Financial Results

Net Profit Rises At ABN AMRO; Enters French Life Insurance Partnership Talks

Tom Burroughes Group Editor London 20 May 2024

Net Profit Rises At ABN AMRO; Enters French Life Insurance Partnership Talks

The bank reported fatter earnings, and also announced that it has agreed to enter exclusive discussions with BNP Paribas in France about life insurance.

Netherlands-headquartered group ABN AMRO made a net profit of €674 million ($730 million) in the first three months of 2024, rising from €523 million a year earlier. Earnings per share rose to €0.76 per share from €0.56 per share, the lender said late last week.

Separately, on Friday, the bank – via its French private bank branch Neuflize OBC – has agreed to enter exclusive talks with BNP Paribas Cardif to form a strategic partnership in life insurance in France. 

Such a pact would produce a distribution agreement and the sale of Neuflize Vie to BNP Paribas Cardif, the insurance subsidiary of the BNP Paribas Group, ABN AMRO said.

Neuflize Vie is the French insurance joint venture owned by ABN AMRO (60 per cent) and AXA (40 per cent). BNP Paribas Cardif intends to acquire all shares in Neuflize Vie for an undisclosed amount, the statement said.

The combination of BNP Paribas Cardif and Neuflize Vie would – if agreed – build a “high-end” life insurance business in France with assets under management of more than €25 billion.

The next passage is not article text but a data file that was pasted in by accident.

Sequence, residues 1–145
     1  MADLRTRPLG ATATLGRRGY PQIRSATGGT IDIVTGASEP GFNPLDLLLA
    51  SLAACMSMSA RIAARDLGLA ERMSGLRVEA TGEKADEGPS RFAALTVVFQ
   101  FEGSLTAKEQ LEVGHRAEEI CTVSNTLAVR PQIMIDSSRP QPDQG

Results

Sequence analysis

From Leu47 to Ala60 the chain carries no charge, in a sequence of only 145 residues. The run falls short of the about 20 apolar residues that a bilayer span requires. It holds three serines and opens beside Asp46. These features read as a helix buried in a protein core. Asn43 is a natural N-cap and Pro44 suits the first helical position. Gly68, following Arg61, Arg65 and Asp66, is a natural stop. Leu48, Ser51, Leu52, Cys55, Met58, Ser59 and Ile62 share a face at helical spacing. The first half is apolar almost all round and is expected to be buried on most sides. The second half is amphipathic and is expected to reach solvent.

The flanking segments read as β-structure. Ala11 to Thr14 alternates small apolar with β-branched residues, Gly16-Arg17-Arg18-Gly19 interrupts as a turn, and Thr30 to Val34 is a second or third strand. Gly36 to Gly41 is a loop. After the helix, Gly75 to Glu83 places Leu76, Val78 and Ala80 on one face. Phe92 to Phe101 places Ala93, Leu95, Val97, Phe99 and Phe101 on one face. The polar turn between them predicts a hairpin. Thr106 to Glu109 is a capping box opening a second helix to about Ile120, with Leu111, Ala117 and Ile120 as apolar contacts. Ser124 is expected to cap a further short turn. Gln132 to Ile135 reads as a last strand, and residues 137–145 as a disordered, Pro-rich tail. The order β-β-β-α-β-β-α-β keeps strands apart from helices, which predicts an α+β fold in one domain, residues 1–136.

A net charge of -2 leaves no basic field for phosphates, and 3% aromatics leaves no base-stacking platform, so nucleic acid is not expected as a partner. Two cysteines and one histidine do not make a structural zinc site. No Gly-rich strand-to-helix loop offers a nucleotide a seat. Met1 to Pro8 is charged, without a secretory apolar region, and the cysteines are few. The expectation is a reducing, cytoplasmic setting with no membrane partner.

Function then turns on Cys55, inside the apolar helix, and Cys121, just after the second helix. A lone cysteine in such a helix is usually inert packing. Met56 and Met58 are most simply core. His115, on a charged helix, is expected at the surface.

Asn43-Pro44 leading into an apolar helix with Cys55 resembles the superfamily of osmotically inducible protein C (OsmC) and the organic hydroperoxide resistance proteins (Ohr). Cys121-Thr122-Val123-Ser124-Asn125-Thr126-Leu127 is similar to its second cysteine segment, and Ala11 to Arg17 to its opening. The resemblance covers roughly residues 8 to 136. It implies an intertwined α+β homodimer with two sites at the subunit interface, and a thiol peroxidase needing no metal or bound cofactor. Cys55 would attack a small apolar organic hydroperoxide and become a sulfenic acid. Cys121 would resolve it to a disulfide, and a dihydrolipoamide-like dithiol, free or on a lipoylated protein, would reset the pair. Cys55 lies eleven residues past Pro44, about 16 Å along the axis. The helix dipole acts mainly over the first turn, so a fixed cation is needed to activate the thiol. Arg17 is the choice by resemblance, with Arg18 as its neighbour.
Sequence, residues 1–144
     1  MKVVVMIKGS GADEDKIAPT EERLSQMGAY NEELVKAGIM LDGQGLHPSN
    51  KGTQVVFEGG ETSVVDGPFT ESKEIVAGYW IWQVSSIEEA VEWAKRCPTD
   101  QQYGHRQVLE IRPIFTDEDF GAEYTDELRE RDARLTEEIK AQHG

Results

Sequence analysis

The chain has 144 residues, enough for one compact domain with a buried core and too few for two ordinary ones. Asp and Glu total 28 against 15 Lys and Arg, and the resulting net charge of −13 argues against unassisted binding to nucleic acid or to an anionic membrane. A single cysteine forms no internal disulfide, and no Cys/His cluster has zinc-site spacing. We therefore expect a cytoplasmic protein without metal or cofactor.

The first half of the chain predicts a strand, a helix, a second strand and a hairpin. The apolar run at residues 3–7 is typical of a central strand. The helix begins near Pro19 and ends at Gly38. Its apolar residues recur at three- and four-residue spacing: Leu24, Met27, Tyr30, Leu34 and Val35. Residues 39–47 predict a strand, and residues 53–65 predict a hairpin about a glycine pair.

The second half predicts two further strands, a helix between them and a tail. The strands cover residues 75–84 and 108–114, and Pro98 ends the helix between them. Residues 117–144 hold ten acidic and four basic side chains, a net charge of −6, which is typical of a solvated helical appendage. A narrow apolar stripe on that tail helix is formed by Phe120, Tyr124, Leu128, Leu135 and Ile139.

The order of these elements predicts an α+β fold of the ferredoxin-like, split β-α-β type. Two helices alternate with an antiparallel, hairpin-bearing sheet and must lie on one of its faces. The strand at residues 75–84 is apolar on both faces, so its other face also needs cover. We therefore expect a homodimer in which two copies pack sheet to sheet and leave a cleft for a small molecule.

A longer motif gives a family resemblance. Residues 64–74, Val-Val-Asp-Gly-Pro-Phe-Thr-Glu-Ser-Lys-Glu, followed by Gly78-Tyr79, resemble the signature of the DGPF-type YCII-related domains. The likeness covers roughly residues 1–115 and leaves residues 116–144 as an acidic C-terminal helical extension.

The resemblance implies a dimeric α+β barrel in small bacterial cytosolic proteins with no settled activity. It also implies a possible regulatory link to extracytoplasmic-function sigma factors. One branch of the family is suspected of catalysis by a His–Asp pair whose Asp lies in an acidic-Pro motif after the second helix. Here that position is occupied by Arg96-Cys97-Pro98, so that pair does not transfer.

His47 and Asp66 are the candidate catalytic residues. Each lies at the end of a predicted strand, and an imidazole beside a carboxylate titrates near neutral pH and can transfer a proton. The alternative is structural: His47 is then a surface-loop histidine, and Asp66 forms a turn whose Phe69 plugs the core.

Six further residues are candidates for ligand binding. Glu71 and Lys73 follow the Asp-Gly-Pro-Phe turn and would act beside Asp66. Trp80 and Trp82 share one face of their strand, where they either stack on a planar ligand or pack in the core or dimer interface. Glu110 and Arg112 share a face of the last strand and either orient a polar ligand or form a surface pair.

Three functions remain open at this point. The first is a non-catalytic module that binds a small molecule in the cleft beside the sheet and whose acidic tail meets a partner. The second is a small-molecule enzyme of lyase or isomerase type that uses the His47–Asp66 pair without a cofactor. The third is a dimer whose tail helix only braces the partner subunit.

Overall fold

In addition, BNP Paribas Cardif and Neuflize OBC intend to enter into a strategic partnership to ensure that Neuflize OBC's clients continue to have access to high-end insurance products, ABN AMRO said.

In other details about its results, ABN AMRO said its cost/income ratio fell to 57.2 per cent in Q1 2024 to 65.6 per cent from a year earlier. 

The Common Equity Tier 1 ratio – a standard international measure of a bank’s capital “shock absorber” – fell to 13.8 per cent at the end of March this year, from 15 per cent a year earlier. 

In its comments, ABN AMRO said its net profit result was driven by net interest income, fee income and the low cost of risk. 

The bank said fee income rose, helped by “good performance” in all client units.

“Costs came down 11 per cent in comparison with the first quarter of 2023 as regulatory levies were lower, while staff costs for data capabilities, digitalisation and regulation programmes remained high,” Robert Swaak, CEO, said. “We expect full-year costs for 2024 to be around €5.3 billion due to higher staff costs in the second half of the year.”

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